• "Theosemiotics and Religion," in Arthur Stewart, Religious Dimensions of Peirce's Thought (Beaumont, Texas: Center For Philosophical Studies: 1998).
  • "B’nei Ezra; An Introduction to Textual Reasoning," in Contemporary Jewish Thought, eds. E. Dorf and L. Newman (Oxford: Oxford University Press, 1999): 502–511.
  • “Wounded Word, Wounded Interpreter,” in Humanity at the Limits, ed. M. Signer (Indiana University Press, 2000): 148–160.
  • “Ethical Monotheism When the Word Is Wounded: Wendell Dietrich Reread,” in Ethical Monotheism, Past and Present: Essays in honor of Wendell Dietrich, eds. Theodore Vial and Mark Hadley ( Atlanta : Scholars Press for Brown Judaica Series, 2001): 15–48.
  • “On the Future of Discourse in Jewish-Christian Relations,” with David Ford, in Setting the Agenda: the Future of Jewish-Christian Relations (Cambridge University Press, forthcoming, 2001).
  • “Small Actions Against Terror: Jewish Reflections on a Christian Witness,” in Against Terror: A Witness to Love and Justice, ed. Victoria Erickson (Ada, MI : Brazos Press, 2001).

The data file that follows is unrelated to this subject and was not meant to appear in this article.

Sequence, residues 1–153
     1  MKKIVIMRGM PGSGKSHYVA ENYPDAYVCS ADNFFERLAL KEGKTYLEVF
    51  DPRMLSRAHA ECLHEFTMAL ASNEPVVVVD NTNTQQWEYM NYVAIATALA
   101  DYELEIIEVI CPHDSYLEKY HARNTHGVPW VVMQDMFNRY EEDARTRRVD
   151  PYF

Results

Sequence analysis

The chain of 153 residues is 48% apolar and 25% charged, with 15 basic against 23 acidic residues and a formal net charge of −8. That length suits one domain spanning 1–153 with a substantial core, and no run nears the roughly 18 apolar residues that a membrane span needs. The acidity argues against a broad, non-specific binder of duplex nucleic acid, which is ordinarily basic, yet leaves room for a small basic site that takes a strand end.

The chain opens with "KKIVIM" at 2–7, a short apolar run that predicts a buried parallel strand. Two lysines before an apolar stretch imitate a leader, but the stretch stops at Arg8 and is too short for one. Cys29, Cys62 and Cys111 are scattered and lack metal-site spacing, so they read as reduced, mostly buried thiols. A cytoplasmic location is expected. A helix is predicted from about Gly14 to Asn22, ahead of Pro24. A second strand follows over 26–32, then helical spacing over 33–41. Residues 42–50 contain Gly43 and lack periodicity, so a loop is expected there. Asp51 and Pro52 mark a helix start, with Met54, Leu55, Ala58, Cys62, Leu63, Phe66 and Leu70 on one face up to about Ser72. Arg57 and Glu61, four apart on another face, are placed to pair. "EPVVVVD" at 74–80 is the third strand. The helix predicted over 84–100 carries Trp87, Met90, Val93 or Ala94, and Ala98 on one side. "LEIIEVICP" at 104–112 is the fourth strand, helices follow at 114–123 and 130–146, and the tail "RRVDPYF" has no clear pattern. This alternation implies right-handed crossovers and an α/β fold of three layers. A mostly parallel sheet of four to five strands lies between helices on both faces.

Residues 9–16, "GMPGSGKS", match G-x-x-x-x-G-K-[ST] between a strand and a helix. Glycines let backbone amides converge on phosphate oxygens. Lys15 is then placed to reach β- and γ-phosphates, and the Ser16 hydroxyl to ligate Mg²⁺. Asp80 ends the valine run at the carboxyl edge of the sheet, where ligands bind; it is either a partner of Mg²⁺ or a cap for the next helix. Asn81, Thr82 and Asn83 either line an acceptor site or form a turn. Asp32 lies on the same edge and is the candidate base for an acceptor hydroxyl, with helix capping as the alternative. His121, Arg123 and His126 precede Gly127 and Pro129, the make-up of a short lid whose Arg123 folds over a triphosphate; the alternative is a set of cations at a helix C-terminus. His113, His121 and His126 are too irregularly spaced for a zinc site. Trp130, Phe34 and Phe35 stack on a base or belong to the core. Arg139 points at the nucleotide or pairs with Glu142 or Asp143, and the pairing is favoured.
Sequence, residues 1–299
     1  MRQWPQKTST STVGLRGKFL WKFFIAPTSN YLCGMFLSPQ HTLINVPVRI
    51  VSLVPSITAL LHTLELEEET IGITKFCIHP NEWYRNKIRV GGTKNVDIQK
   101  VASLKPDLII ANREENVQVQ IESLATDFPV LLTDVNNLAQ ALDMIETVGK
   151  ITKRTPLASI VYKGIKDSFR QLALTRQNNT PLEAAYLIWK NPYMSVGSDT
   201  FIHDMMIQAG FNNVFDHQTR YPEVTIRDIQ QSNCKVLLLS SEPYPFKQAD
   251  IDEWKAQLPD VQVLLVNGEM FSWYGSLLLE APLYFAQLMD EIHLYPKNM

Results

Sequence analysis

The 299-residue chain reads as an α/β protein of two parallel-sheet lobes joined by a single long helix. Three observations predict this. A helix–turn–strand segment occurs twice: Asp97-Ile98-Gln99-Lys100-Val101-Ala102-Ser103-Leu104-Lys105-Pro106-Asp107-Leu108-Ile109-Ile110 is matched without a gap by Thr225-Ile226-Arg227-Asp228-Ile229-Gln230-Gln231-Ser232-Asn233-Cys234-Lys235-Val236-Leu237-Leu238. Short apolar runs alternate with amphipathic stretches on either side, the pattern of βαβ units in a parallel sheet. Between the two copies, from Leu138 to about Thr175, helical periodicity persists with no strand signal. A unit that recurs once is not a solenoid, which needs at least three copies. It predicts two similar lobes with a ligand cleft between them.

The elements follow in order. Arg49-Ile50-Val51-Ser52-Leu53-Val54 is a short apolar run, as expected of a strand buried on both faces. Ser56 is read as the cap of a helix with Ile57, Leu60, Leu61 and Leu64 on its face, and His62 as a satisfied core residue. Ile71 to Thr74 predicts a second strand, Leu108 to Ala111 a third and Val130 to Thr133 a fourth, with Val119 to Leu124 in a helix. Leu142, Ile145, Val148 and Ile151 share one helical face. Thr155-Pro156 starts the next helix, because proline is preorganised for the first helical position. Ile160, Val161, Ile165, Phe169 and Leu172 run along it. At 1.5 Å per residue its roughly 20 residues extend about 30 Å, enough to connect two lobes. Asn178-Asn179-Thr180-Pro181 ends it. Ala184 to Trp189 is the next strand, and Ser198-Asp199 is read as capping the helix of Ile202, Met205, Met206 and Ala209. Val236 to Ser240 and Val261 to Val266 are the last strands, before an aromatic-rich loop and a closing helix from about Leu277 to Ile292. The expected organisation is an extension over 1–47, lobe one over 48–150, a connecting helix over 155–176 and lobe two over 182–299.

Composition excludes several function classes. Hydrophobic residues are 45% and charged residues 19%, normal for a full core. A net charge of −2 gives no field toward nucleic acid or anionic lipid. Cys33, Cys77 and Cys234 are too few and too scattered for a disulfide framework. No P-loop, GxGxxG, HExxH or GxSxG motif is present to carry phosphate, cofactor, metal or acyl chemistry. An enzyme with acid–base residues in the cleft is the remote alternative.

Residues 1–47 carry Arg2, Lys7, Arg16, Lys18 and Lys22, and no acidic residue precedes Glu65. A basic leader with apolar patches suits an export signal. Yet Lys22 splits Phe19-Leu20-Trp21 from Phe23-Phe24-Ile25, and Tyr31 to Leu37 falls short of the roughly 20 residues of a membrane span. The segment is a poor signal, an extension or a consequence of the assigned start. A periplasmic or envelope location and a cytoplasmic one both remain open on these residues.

• Preface to Heather Armstrong, Face to Face with the Other in George Eliot’s Romola, Middlemarch, and Daniel Deronda (Scholar’s Press, 2002): i-iv.
  • “September 11 and the Children of Abraham,” in “Dissent from the Homeland: Essays after September 11, The South Atlantic Quarterly 101:2 (sp 2002): 391–402. repr. in Dissent from the Homeland: Essays after September 11 (Durham and London: Duke University Press, 2003): 137–147.
  • “Recovering the God of History: Scriptural Life after Death in Judaism and Christianity,” in Jews and Christians, People of God, eds. Carl E. Braaten and Robert W. Jenson (Grand Rapids and Cambridge: Eerdmans, 2003): 114–147.